But as it is Alonso faces the awkward prospect of trying to close a gap that at 34 points is again out to more than a race victory - it would take a win and a fifth place without Vettel scoring for Alonso to take the lead.
As Alonso pointed out himself, although he was given a gift by the clutch-shaft failure that stopped Vettel in Silverstone, he is now effectively back to the position he was two races ago, but with time ticking by - nine of the 19 races now gone rather than seven.
Until now, Alonso has been expressing his confidence that he can catch up. He was still saying the same on Sunday, but with an important proviso and a noticeable shift in tone.
"If you have the package to fight everything is possible," Alonso said. He drew a parallel with Vettel making up 39 points on him within "two or three races" after last year's Italian Grand Prix, before adding: "But to recover you need to win two or three races and at the moment it seems we are not able to do so."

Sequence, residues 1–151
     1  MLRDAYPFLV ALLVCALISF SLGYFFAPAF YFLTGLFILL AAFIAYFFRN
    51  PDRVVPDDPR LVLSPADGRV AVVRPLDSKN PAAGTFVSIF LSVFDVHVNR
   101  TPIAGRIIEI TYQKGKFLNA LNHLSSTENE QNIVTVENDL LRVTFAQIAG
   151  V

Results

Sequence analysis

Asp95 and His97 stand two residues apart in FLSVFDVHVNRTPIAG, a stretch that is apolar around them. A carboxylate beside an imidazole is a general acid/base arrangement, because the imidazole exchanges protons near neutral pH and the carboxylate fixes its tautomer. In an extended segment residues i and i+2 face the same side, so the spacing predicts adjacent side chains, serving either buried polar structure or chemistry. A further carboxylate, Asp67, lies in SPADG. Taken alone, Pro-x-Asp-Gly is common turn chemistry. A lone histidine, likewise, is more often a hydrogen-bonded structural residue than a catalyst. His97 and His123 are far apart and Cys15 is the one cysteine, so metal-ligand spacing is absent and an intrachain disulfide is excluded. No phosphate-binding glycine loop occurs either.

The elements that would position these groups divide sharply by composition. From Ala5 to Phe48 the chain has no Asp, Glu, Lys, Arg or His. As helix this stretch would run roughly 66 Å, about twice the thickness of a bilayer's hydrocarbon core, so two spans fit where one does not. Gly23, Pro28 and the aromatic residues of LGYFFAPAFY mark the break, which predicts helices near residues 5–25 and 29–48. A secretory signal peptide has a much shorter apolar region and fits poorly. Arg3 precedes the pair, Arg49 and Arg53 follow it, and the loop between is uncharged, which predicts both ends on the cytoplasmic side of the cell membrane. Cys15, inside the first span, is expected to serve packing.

As if the message was not clear enough, he added in his BBC TV interview that he did not want to go into the four-week August break after the Hungarian Grand Prix any further behind. "We have to do something and we have to do it now," he said.
Raikkonen is a further seven behind but although the Lotus was definitely faster than the Ferrari in Germany it, too, has not been a consistent enough challenge to Vettel to make a title challenge look any more realistic.
Of the front-running teams, only Mercedes seem to have the out-and-out pace to worry Vettel but, after a strong race in Britain, where Hamilton looked set to beat Vettel until suffering a puncture, their problems with heavy tyre usage recurred in Germany.
Afterwards, Hamilton referred to the yawning 58 point-gap to Vettel and said: "I'm not even thinking about the championship."
He said he felt it was still "on" for Alonso, but also summed up the scale of the challenge for anyone taking on Vettel and Red Bull.
"He has it quite easy," Hamilton said. "His car has been phenomenally quick for the last four years and every year they seem to pull it out again.
"There's not one weekend where they seem to struggle. It's phenomenal."
It certainly is.